This Is Still It - The Method Actors
Metascore
86

Universal acclaim - based on 8 Critics

Critic score distribution:
  1. Positive: 8 out of 8
  2. Mixed: 0 out of 8
  3. Negative: 0 out of 8
  1. In my view This Is Still It is chock-full of so much consistently great music that’s it definitely the equal of [Gang Of Four's] "Entertainment!," and may even be superior.
  2. The vocals: a cloying, toying mix of insouciant sass and arty call-and-response jabs, all delivered with an unhinged sense of preening and play. That's pretty much the Method Actors method condensed, and it plays out to deliriously rewarding and consistent effect on a CD that collects songs recorded from 1980 to 1981.
  3. This band didn't have the sublime commercial melodies of R.E.M, or the innate propulsion and dance-inflected propensities of the The B-52s, but they were nonetheless a briliant Athens act that never got their due. Here's hoping this compilation changes that, and that listeners also follow Buck's heed from the liner notes, when he suggests, "Maybe this release will be a good introduction to the career of Vic Varney, who is still making great records 25 years later."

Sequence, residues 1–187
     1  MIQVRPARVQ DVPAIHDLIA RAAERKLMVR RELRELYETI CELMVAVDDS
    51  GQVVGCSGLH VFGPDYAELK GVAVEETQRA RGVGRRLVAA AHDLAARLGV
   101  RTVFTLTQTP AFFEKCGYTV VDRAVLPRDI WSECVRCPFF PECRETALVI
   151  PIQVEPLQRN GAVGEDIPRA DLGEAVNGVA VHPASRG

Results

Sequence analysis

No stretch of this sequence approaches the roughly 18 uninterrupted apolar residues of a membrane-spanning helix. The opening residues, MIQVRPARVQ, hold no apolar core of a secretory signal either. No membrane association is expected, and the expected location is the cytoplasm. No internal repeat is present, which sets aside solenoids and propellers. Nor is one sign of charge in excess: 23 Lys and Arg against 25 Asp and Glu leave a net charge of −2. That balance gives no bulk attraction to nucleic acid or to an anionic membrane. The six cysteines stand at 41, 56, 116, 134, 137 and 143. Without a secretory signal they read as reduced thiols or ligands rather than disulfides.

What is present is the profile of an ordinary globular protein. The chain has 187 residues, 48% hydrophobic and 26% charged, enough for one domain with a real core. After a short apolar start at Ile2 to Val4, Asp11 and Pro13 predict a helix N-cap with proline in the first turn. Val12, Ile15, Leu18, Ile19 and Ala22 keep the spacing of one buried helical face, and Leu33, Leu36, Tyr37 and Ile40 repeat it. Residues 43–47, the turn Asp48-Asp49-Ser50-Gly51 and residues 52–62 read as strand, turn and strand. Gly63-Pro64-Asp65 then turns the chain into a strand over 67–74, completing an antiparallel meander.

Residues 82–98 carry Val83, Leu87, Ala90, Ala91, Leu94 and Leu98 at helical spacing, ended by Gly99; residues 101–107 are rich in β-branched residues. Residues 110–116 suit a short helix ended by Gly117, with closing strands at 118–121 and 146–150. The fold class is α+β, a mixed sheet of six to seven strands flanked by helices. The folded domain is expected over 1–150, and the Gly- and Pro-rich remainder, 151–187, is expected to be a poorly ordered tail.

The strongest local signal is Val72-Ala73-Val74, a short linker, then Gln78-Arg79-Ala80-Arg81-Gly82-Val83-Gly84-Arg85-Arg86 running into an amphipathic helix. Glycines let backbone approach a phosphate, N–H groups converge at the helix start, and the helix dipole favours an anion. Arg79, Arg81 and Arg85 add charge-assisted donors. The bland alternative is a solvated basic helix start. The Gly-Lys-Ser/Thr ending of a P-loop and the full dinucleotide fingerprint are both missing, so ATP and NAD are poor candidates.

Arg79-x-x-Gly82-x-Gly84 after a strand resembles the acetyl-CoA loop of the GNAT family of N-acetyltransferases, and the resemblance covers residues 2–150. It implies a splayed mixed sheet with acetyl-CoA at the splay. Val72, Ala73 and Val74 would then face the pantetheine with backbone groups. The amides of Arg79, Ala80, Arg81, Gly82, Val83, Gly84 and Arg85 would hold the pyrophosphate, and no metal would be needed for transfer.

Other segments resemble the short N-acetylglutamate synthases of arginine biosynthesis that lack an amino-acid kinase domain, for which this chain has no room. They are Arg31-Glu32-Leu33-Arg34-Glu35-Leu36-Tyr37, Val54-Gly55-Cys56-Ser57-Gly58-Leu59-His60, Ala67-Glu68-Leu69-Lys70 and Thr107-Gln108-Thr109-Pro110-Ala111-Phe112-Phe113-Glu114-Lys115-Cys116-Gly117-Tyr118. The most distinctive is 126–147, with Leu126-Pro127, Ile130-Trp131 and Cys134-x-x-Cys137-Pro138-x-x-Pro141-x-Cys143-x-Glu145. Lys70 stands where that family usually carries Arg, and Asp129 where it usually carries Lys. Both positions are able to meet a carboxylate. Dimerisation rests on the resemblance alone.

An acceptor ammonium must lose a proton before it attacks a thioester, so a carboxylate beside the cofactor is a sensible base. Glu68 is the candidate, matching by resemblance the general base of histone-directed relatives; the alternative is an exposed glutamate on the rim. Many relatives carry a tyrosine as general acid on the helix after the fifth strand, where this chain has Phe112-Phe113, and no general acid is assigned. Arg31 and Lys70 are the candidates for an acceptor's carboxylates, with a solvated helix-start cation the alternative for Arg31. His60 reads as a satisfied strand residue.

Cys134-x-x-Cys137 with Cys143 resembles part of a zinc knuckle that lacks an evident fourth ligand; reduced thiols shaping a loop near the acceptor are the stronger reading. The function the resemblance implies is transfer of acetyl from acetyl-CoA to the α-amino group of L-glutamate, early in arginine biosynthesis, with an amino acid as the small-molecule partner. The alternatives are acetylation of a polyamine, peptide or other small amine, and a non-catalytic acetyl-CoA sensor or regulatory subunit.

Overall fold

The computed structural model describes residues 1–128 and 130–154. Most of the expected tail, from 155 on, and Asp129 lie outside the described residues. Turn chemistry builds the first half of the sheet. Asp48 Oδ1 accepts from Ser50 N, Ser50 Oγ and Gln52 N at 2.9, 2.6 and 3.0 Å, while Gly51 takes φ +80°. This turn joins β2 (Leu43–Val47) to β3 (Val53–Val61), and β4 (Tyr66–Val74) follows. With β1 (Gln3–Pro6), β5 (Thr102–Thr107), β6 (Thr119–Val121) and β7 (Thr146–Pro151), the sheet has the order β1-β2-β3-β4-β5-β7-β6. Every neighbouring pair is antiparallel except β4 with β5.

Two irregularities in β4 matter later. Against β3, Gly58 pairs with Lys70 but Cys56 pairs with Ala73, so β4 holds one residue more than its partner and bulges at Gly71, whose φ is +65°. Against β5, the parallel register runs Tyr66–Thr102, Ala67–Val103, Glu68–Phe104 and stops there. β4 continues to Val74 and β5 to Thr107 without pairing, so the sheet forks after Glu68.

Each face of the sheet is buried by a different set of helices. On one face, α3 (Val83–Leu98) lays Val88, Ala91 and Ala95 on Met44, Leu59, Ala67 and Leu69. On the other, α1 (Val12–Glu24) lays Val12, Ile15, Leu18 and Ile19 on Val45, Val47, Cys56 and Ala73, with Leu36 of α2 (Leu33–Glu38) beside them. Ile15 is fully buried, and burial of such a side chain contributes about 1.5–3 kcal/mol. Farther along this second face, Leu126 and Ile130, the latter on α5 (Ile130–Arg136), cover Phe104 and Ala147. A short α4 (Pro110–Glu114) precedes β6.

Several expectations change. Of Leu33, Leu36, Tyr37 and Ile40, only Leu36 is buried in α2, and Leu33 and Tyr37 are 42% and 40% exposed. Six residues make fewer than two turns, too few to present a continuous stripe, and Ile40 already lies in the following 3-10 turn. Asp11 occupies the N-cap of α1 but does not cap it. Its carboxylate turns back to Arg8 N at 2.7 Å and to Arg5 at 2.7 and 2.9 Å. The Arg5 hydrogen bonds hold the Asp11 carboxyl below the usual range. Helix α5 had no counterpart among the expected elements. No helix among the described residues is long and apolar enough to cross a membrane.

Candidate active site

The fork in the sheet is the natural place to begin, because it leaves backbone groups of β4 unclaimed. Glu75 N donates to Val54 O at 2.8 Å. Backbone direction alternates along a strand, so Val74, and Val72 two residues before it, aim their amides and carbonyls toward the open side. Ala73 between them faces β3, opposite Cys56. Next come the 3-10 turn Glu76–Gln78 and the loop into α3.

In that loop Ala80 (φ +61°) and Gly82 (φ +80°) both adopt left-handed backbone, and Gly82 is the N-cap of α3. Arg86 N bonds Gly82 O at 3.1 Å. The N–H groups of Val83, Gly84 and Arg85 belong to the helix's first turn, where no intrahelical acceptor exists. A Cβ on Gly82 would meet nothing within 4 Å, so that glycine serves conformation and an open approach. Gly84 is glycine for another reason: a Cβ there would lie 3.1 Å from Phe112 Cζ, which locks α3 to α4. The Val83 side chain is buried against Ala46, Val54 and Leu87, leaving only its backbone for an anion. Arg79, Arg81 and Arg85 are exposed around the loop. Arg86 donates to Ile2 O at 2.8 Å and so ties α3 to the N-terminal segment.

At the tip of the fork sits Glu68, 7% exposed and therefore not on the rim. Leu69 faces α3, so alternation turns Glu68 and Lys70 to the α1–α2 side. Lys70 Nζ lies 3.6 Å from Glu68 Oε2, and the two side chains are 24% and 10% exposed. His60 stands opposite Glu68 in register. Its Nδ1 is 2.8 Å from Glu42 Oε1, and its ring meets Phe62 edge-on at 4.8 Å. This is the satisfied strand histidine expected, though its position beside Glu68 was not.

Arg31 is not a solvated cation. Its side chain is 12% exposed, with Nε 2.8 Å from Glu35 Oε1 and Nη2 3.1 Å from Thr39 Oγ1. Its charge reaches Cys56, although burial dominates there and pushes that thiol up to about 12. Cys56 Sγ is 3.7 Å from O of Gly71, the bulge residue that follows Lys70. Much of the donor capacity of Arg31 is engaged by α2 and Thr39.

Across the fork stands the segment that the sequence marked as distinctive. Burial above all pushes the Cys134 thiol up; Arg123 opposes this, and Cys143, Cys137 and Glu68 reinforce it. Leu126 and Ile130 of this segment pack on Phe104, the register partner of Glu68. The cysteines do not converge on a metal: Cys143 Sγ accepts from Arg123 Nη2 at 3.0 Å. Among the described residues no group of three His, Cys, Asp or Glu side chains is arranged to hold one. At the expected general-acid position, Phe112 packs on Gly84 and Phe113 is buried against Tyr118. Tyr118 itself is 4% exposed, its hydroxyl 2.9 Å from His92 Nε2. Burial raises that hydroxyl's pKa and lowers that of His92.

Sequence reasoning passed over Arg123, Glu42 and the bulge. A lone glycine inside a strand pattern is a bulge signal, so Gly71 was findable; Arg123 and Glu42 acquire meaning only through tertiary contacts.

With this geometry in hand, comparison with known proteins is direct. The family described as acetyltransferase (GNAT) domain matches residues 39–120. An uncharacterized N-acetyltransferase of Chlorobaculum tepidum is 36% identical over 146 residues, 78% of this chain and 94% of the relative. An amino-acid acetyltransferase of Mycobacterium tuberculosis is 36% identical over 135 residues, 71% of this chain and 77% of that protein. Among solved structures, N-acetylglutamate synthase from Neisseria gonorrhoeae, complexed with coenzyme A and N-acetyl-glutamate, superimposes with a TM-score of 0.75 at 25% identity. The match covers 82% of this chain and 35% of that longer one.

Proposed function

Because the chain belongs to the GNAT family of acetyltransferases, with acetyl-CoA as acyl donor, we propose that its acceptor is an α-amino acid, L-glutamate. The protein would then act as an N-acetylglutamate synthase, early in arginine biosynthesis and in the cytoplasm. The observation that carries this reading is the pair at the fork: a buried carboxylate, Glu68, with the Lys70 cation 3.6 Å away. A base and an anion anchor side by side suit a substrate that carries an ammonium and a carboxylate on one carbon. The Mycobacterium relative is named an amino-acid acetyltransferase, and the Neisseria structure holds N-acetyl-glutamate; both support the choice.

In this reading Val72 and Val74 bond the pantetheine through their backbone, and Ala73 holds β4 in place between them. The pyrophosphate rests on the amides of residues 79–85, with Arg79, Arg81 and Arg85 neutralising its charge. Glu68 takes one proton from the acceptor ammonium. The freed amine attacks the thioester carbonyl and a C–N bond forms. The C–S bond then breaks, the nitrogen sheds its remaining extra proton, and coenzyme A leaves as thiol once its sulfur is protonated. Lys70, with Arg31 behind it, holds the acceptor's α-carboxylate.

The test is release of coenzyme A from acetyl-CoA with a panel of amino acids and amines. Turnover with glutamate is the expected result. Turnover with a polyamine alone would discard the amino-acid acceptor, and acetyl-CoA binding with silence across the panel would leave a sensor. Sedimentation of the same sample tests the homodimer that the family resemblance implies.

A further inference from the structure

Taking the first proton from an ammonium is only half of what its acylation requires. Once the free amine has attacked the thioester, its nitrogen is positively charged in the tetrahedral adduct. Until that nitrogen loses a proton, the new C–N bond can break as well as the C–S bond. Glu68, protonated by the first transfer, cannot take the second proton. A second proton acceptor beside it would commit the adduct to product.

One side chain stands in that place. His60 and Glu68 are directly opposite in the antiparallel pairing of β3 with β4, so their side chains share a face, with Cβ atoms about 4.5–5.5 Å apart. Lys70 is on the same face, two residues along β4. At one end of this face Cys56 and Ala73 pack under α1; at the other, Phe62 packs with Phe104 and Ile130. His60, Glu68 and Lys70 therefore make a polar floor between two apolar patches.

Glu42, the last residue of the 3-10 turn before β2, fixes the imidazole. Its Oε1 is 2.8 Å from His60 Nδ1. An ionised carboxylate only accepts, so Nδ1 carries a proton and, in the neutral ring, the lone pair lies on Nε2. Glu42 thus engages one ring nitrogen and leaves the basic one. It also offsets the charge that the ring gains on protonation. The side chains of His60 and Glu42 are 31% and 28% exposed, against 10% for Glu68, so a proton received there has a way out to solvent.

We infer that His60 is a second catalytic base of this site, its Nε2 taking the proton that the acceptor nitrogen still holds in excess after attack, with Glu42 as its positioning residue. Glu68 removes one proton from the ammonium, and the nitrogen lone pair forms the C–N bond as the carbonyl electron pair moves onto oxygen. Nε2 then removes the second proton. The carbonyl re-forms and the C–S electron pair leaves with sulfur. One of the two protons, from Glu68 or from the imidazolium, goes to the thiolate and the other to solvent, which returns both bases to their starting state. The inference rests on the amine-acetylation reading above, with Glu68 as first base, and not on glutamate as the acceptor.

4. Perhaps they're better this way, as a hidden gem to be stumbled across or searched out. It's certainly worth the effort, as they sure as hell don't make them like this any more.
  5. The pair can knock out enormous, memorable hooks from limited resources, the instrumental make-up stripped-bare in the extreme, just drums and guitar. But scarcity of equipment never once hinders their considerable ambition and inventiveness.
  6. Several of the songs here are top-tier extrovert post-punk, neatly organized threshings as invigorating as any material from Mission of Burma or their farther-flung counterparts.
  7. Just thrill to how rock music this relentlessly complex and irregular (“No Condition”), this shamelessly, gloriously over-the-top (“Do the Method,” a distant cousin to the speedier version of “Radio Free Europe” and the fellas’ own would’ve-been dance craze), this stylistically reckless (“Bleeding,” which almost sounds like a completely derailed club cut) and this gleefully repetitive and obnoxious (“Rang-a-Tang”) can still sound so anthemic and galvanizing.
  8. That such a glorious and previously unheralded collection of tunes could appear so far into what seems like a decade plus wave of reissue fever is a wider comment about how much great music still out there waiting to be unearthed. The Method Actors deserve to be placed alongside the very best acts of any scene or era.

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